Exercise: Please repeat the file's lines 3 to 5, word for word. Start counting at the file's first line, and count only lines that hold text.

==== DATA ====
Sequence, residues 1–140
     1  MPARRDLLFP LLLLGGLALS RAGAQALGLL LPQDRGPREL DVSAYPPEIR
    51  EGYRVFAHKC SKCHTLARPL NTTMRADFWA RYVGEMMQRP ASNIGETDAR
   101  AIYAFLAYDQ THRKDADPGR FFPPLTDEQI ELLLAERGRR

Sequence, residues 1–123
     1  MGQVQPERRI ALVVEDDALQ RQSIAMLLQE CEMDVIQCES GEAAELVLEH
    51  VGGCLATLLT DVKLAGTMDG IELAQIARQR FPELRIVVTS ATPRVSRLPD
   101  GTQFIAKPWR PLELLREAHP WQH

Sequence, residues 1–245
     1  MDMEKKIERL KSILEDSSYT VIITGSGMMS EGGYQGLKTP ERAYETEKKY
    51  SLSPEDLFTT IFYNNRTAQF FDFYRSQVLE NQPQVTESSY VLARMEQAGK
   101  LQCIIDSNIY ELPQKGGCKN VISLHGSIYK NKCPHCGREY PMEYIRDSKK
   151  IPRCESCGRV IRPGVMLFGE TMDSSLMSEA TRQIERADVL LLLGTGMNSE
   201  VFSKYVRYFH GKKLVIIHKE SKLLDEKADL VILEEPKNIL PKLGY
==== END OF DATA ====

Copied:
    51  EGYRVFAHKC SKCHTLARPL NTTMRADFWA RYVGEMMQRP ASNIGETDAR
   101  AIYAFLAYDQ THRKDADPGR FFPPLTDEQI ELLLAERGRR

Sequence, residues 1–123